New principal, new changes
Trevor Chapman takes on role of principal; NCHS reacts to new leadership
Mr. Trevor Chapman plans on making modifications to how NCHS operates as a first year administrator at Normal Community High School, but Chapman intends balance. While he will implement changes to some of the processes and procedures around the building, Chapman wants to preserve aspects of the old administration throughout the following school year.
A new principal means new changes to the school, however some traditions at NCHS will remain the same as Chapman, moving from the same role at Evans Junior High School, starts the year.
Orange Crush is one of the beloved traditions that will continue to reward students with orange soda for honorable behavior every Friday morning. Before transitioning to his role as principal at NCHS, Chapman conducted a survey of the teachers to determine what changes they would like to see and what they would like to see remain. Chapman said that the crushing was something teachers supported across the board.
Chapman, an administrator for 6 years before being hired at NCHS, understands that teachers and students both want to keep certain traditions, Orange Crush dates back before Mr. Dave Bollmann’s time as principal, it was a staple when Dr. Jeanette Nuckolls held that role.
Chapman did say he felt a little odd and uncomfortable when making the first weekly crush announcement, however, he is confident that down the line he will start to enjoy the weekly crushes just as much as the students and faculty.
When a new principal enters a school, it’s the students who are directly affected by the change. Prior to working at Evans, Chapman taught business at West for 7 years, where he had hands on experience working with students and teachers on a day to day basis, Chapman feels because of this he understands and “can communicate with high schoolers.”
Trenton Burns (12) is “excited to see how he is going to support our school teams” as the school year progresses.
Normal Community High School students believe Chapman supports music. There is one program in particular that has been recognized by the new administration, the NCHS marching band.
Chapman said in an interview with the Inkspot staff that as a former high school band member himself, he likes to stop by the band room to listen to the music.
Chapman is working to improve the communication between the staff and the administration at Normal Community High School.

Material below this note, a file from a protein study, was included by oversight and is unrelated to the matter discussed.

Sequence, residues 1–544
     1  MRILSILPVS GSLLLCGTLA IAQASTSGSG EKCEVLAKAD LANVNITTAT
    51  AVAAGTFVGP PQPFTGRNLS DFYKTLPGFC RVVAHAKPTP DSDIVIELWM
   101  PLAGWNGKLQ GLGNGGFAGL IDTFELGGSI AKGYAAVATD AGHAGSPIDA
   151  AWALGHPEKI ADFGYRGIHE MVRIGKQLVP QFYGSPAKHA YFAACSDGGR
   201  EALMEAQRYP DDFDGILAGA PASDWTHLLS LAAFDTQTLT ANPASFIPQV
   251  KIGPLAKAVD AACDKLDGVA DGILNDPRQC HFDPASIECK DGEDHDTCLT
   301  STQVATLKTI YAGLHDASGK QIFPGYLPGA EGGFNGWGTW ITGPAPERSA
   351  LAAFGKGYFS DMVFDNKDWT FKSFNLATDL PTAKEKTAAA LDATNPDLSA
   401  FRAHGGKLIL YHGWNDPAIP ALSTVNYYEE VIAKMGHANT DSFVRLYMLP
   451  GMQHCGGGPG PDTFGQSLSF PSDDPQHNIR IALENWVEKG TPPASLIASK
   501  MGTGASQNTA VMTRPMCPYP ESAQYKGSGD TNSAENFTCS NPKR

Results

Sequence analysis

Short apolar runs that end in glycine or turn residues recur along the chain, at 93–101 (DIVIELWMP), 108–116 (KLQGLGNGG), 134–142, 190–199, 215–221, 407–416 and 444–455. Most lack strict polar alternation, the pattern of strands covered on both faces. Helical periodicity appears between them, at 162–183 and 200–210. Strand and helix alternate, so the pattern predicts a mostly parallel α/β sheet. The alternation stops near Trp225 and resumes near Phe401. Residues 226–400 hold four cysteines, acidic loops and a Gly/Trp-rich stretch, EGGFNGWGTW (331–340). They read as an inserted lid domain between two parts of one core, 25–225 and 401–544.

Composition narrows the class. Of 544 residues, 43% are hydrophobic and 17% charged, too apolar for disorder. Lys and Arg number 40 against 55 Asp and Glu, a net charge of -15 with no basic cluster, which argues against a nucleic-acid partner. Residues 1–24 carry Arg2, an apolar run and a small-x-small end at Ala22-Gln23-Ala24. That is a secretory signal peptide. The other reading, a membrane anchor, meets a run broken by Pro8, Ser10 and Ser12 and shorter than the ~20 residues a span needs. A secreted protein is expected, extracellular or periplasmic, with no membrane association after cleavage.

Since his arrival Chapman, a Google classroom has been put into place for teachers, sharing important documents and information, and a weekly newsletter is sent out to staff.
“A lot more information is provided to all of the teaching staff,” Ms. Sarah Boezio, second-year business teacher, said.
Along with the new forms of communication, Chapman advertises an “open door policy” where teachers can come by his office anytime to talk or ask questions.
Mr. David Feeney, a 19th-year English teacher said, Chapman “realizes that teachers are on the ground level… that we’re the ones interacting with the students everyday” and Chapman does a good job listening to teachers and helping them with what they need.
However there are still a few things Feeney would like to see changed, “it seems like we are heading down a path where more and more of our classes are being regulated.” He wants to see “blanket rules” taken away and more discretion given to teacher concerning tests and lessons.
Behind the scenes, Chapman has worked with teachers and support staff to help identify students that are “internalizers”, a style of introverted learner, and to accommodate these learners in a system that often focuses on group activities and social interaction.
Chapman, working with Mr. Paul Krogmeier, was part of the initiative to rebrand the former Academic Support Center (A.S.C) to The Forge and to staff the resource center with peer tutors after school.
Along with the academic changes, the visibility in the school, the new forms of communication, staff meetings have a different feel, more light hearted, “he kind of makes fun of himself,” Ms. Jill Frazier, 13-year math teacher, said.